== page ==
hose. (all of the hose had seams) This looked a little strange, but was
very sexy. Very few of the ladies wore garter belts. Most of them wore the
simple garter band. Female panties were called step-ins. Some of the older
girls carried their mad money (a dollar bill) tucked under the top of their
hose. None of the girls ever left home without a few coins tied in one
corner of a ladies handkerchief. One of the girls carried her mad money and
lipstick in her well endowed bosom, which made for hot money and darn near
melted her lipstick. A number of the girls wore ankle chains. The girls and
their mothers would shine their patent leather shoes with a half of a
All of the boys used Brilliantine hair-oil in their youth. Wild rose hair-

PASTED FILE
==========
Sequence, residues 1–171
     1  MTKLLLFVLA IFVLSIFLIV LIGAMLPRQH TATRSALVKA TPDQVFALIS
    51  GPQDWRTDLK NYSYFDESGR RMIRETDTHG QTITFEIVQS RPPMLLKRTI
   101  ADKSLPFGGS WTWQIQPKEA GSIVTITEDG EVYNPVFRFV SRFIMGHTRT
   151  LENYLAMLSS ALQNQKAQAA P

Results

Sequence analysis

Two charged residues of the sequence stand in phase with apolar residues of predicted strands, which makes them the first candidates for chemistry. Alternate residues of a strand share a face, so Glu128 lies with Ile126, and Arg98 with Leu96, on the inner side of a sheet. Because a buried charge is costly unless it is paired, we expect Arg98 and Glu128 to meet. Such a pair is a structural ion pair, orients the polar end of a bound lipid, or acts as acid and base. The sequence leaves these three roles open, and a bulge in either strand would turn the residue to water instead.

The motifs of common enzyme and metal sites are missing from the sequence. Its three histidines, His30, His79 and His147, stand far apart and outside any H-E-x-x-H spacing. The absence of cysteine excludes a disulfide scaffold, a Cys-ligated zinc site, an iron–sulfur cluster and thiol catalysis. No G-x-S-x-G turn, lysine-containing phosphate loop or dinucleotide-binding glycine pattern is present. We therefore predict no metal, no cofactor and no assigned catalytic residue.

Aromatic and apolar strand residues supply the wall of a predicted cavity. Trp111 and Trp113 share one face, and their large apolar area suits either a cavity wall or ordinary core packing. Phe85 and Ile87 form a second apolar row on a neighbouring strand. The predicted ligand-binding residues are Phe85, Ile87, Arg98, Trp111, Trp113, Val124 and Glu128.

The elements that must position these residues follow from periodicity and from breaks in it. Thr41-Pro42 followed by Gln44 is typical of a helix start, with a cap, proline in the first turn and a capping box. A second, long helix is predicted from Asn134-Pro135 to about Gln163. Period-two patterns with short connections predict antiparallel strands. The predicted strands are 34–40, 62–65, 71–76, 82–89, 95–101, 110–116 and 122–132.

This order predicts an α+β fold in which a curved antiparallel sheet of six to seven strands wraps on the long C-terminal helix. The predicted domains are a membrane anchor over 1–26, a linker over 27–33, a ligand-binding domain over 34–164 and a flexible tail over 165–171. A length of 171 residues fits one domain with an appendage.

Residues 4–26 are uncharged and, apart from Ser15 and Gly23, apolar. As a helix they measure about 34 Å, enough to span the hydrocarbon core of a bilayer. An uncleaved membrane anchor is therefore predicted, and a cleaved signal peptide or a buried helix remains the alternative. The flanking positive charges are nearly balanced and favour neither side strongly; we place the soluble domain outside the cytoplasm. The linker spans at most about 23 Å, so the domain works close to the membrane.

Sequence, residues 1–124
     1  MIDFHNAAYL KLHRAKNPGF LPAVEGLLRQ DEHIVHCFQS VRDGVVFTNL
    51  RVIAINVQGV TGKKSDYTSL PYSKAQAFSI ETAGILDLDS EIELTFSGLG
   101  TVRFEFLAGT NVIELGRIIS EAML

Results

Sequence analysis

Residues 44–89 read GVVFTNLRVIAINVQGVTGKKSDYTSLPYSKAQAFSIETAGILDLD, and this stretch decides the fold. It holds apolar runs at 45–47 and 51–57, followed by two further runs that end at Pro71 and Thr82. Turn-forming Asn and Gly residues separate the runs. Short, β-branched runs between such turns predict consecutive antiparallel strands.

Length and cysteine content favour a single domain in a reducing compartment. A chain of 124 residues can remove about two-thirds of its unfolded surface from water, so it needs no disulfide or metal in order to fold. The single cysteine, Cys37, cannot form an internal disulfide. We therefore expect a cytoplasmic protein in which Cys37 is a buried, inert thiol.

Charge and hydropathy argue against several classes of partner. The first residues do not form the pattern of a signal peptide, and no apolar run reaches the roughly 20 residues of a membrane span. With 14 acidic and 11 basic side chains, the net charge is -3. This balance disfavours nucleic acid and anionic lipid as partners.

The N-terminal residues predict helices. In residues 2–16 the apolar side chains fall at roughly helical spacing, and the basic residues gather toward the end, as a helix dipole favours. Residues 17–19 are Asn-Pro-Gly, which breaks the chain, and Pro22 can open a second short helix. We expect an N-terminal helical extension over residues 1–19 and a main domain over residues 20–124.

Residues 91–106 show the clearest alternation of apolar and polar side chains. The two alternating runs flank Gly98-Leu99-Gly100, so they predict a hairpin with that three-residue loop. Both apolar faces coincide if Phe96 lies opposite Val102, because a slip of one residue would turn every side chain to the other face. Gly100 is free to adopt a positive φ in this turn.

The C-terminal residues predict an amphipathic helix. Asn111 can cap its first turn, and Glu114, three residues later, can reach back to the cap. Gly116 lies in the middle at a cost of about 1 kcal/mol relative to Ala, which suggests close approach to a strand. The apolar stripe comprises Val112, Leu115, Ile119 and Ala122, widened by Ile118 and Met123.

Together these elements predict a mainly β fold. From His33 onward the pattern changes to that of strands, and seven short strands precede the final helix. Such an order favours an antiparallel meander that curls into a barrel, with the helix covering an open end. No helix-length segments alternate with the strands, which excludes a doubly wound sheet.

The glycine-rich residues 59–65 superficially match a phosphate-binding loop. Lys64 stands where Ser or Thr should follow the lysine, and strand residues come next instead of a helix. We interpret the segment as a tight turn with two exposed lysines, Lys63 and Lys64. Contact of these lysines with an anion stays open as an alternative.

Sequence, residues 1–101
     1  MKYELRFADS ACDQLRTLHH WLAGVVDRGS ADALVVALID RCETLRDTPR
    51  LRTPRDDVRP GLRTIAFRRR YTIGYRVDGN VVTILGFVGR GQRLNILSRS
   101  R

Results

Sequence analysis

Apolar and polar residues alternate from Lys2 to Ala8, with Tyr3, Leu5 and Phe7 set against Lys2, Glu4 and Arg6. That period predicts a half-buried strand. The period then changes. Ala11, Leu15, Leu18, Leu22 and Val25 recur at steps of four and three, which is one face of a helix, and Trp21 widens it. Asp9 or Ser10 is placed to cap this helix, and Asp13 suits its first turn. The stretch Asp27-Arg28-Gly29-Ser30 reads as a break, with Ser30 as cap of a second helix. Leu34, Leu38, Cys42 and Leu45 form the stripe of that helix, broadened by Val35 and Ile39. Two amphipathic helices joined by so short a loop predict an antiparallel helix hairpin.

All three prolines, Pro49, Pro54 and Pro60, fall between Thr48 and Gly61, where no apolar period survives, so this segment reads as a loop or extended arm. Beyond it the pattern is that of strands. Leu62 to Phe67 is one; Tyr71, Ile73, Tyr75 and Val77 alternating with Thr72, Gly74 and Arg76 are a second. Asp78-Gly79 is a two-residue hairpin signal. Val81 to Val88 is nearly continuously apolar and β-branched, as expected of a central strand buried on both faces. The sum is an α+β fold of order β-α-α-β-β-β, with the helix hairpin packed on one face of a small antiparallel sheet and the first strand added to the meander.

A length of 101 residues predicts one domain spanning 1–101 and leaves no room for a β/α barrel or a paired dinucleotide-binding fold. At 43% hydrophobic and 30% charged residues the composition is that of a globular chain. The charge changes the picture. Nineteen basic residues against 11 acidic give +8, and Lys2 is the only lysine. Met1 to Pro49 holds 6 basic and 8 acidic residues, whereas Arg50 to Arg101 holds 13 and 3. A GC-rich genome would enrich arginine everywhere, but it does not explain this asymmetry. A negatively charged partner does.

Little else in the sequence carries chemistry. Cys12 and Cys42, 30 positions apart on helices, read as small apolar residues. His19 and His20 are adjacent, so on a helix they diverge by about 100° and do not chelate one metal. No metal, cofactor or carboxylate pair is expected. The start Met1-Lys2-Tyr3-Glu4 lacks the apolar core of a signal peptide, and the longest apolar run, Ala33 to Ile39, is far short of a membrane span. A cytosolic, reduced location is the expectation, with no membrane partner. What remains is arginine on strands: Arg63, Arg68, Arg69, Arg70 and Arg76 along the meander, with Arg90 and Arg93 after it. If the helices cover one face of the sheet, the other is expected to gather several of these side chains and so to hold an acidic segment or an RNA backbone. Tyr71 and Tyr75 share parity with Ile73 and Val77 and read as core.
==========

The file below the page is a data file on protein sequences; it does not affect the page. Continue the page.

oil had the consistency of a very fine mineral oil and was bright red in
color. Years later we used Brylcream, Vitalis hair tonic, Wildroot cream
oil, and Old Spice made a thick hair dressing for flat-tops and crew cuts.
Pet expressions & Interesting characters
Most people at home would have had a difficult time communicating, without
their down-home expressions. Instead of thank you they would say, "much
obliged." Some of their parting shots were, "I'll see you later, if the
lord is willing and the creek don't rise, see you in the funny papers,
don't take any wooden nickels or see you in the zoo." Claudie McClure, (4
April, 1934-23 Feb. 1999) has a current one that I really like it's, "Keep
your plow in the ground." Pop had a few hundred of them and some of them
would part your hair. One of his pet expressions was bull-corn, if he
disagreed with someone A couple of Pop's expression I got a kick out of
were, "He's about half goofy" for someone that wasn't very swift and "He's
drunker than Cooter Brown" for someone drunker than a hoot owl. The ethnic
jokes were Irish (Pat and Mike), little moron, little Johnny and the
farmers daughter, during my youth. There were hundreds of them.